Have you ever wondered if there is anything you can do with leftover salmon or other fish carcasses? Have you been buying store-made fish stock and wondered how you could make great fish stock yourself?
Today I want to share with you how to make an easy salmon (or other fish) stock in less than an hour.
I remember going to pick up salmon from the fish counter of my local grocery store many years ago when I was still living in Seattle. They had run out of the pre-cut filets, so the gentleman at the fish counter kindly filleted the whole salmon I’d purchased, for me. As he wrapped up the fish, he asked “do you want the fish head and bones, as well?” I replied, “No thanks – what in the world would I do with them?” I didn’t have a clue.
Nowadays, the answer to that question is always, “Yes, of course!”, because I know a secret that I didn’t know then: those previously unwanted scraps make some of the best fish stock a person could hope for, and from there, you can launch hundreds of recipes into a completely new flavor arena without spending all day at the stove trying to find the depth of flavor you’re dreaming of.
A few days ago, I visited my local market in Hakaniemi, a neighborhood of Helsinki, for the specific reason that I wanted to buy a kilogram of the fish bones in order to make salmon stock. Today I want to share my method with you, because once you know how to do this, you have the beginnings of really delicious, savory, seafood dishes.
A few notes:
- Fish bones aren’t always for sale, but if you ask, most fish counters will be willing to sell or give them to you, since they are otherwise scrap that they have to get rid of at the end of the day. At Hakaniemi market hall, I paid €3 for one kilogram of fish bones.
- You can freeze the bones and heads from fish you catch yourself, and make the stock later if you don’t have time to make it immediately.
- Most fish will work for this stock – if you have other fish carcasses on hand, feel free to use them instead, keeping the amount of bones around 1 kilogram/2.2 pounds for this recipe.
- Include the head too – there is a lot of flavor in the head (and the cheeks, once cooked in the broth, are a delicious cook’s treat). Just make sure to remove the gills before adding the head to the stock pot.
- Rinse the fish parts to remove all leftover blood and viscera – it’ll create scum on the top of your broth. Don’t worry if there is a little left – it’ll rise to the top of the broth during the early stages of cooking, and you can simply skim it off.
- If you have used leeks recently in a recipe, save the leek tops and add them to this stock, or other stock recipes. They add a really nice flavor that complements the onion. Also, you can replace one onion with one whole leek, including the greens, if that is what you have on hand.
- Stocks are a great way to use up vegetable scraps: when I’m peeling carrots I save the peel; when I cut up celery stalks I save the leaves; when I use the white part of the leek I save the greens – and pretty soon, you have all the ingredients you need for making a great stock. All of the above freeze well, so you can keep a ziplock bag in the freezer, and add to it until the day you want to make stock.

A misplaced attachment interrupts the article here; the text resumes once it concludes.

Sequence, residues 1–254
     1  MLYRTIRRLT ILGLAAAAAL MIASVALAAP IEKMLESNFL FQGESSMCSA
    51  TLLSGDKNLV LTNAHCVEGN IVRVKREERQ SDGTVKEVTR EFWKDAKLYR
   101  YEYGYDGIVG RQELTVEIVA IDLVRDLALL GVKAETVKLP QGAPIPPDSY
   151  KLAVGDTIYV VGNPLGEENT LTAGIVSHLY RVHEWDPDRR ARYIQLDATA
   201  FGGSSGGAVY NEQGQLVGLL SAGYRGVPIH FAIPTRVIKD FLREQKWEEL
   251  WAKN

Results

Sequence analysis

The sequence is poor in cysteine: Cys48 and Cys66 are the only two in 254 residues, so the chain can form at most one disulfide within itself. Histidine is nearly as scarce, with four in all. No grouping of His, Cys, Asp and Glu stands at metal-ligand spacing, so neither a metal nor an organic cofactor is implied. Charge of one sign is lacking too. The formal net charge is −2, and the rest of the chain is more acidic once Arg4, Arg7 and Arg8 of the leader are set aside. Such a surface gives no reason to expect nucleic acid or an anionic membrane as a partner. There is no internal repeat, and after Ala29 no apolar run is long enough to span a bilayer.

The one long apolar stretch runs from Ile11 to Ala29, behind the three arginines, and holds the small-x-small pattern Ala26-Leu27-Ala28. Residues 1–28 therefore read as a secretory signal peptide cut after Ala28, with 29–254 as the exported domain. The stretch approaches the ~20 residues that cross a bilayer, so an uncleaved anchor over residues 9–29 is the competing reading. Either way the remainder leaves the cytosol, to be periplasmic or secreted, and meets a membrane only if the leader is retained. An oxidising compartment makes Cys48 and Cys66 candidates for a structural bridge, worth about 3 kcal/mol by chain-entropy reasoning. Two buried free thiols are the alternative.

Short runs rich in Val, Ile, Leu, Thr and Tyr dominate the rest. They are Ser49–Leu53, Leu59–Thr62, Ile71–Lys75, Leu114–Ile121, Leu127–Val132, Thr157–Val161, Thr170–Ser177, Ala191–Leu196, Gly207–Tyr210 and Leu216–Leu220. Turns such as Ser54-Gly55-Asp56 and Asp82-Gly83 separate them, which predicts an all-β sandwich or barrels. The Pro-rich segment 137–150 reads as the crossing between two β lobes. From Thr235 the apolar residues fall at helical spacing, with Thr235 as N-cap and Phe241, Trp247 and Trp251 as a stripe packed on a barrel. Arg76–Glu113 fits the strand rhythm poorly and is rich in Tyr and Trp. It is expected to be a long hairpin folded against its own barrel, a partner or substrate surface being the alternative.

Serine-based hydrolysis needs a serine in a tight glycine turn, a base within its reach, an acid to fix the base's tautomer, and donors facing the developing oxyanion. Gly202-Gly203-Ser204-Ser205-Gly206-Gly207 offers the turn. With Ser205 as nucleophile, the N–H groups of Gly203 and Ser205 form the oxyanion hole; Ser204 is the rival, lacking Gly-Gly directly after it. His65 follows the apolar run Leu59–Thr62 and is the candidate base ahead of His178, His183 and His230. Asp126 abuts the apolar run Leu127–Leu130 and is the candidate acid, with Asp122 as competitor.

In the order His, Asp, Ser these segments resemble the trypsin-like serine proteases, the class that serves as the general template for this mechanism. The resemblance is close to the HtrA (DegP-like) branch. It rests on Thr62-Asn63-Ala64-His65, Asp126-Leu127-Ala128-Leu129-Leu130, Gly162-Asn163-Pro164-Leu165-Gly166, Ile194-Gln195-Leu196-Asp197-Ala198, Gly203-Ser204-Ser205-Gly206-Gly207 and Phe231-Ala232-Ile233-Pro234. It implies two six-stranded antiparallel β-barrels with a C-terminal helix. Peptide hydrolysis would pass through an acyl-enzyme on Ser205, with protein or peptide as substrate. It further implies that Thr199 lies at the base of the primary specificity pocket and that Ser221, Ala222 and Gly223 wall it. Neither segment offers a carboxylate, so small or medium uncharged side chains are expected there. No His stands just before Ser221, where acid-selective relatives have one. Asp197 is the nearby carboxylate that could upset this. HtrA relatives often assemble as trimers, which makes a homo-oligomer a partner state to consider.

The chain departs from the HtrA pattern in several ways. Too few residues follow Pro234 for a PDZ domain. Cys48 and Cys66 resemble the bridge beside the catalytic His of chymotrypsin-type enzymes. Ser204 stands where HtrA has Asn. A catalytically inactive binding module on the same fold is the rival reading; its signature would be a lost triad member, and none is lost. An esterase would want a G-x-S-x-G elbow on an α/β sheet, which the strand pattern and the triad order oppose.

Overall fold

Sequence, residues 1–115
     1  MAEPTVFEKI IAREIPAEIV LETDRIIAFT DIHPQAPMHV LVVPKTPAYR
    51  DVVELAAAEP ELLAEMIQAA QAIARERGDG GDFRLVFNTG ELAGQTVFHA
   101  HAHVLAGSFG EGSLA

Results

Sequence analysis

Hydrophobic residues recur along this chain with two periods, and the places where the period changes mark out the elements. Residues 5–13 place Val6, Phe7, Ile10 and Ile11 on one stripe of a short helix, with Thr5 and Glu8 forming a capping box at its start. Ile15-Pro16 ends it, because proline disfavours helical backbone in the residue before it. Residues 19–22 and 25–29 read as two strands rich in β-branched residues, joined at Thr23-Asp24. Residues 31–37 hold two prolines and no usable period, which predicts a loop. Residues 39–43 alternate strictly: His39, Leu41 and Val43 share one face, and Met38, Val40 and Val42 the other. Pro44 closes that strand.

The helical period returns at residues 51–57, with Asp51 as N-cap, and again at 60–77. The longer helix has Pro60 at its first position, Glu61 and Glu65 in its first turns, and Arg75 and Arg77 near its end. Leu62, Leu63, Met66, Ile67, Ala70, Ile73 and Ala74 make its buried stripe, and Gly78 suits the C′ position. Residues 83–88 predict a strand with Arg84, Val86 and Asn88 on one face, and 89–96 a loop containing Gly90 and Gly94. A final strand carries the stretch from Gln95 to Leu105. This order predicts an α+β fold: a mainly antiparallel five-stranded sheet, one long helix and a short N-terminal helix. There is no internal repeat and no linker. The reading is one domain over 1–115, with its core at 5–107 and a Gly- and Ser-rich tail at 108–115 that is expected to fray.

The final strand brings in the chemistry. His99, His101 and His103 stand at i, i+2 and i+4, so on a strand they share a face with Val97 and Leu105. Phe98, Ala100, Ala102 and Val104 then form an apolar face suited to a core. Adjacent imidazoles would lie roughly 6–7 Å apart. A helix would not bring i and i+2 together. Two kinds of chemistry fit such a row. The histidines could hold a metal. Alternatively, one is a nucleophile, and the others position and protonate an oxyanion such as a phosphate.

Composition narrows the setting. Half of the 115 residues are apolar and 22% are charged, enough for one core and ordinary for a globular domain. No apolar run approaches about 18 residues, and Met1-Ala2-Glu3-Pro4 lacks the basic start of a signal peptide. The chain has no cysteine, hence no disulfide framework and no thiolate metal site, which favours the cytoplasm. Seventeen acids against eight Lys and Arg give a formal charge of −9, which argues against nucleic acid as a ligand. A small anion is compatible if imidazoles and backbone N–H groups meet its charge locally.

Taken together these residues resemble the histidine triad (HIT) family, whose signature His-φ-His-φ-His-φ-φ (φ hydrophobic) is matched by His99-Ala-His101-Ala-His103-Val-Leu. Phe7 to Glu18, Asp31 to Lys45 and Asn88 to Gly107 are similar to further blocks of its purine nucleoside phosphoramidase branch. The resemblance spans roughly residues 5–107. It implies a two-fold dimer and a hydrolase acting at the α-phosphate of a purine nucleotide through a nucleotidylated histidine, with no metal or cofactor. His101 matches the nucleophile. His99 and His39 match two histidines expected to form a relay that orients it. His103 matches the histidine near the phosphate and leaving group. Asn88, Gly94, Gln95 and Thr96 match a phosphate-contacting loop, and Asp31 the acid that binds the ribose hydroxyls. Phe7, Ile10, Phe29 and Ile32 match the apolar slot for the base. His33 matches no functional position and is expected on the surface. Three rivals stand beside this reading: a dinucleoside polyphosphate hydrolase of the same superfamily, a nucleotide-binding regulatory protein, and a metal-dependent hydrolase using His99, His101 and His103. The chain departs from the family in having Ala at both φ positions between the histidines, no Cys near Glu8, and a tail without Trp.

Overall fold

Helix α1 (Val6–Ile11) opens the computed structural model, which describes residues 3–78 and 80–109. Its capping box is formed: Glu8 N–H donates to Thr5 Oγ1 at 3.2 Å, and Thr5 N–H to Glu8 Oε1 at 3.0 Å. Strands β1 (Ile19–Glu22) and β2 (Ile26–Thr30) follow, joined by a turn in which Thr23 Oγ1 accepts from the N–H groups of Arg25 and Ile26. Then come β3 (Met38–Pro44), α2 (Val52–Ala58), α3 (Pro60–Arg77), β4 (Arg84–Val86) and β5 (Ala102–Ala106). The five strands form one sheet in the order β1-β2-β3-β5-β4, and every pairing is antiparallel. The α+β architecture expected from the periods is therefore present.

- If you don’t have whole peppercorns or whole allspice, you can sub in 1/2 teaspoon ground black pepper and 1/4 teaspoon ground allspice.
- This fish stock freezes really well. I typically freeze it in labeled, 2 cup / half-liter portions so I can quickly add it to risottos, soups, or use as poaching liquid.
- 2.2 pounds / 1 kg salmon bones, including head (gills removed), rinsed
- 10 cups / 2.5 liters cold water
- 2 yellow onions, peeled and cut into 4-6 pieces
- 2 cloves garlic, peeled and halved
- 2 medium carrots, washed and cut into 6 pieces each
- 1 stalk celery, cut into pieces
- 2 bay leaves
- 8 sprigs fresh thyme or 1 teaspoon dried thyme
- 3 tablespoons fresh or frozen parsley
- 1/4 teaspoon fennel seeds
- 10 black peppercorns, crushed with a mortar and pestle or the back of a knife
- 5 whole allspice, crushed with a mortar and pestle or the back of a knife
Place all ingredients in a large, heavy-bottomed stockpot. Bring to a full boil over low heat; then reduce heat to medium so the stock continues to cook at a low, gentle boil. You want it to be just barely bubbling. With a spoon, remove an scum that has risen to the top of the stock and discard. Continue to cook, uncovered, for 45 minutes.
Add 1.5 teaspoons salt, and allow the mixture to boil for an additional 5 minutes.
Remove from heat. Place a large stainless steel colander over a large bowl, and pour the broth mixture through the colander in order to catch all of the solids. Discard the solids (some people like to save the carrots, and remove the fish still attached to the bones for another use; it’s up to you). If you want a stock with no residue, strain the stock one more time through a fine mesh colander into another bowl.
You can use the stock immediately, refrigerate for up to 3 days, or freeze for up to 2 months.
Makes approximately 8 cups/2 liters.
Did you like this post? Have you made salmon or other fish stock? Do you have any questions about the process? I’d love to hear from you in the comments below!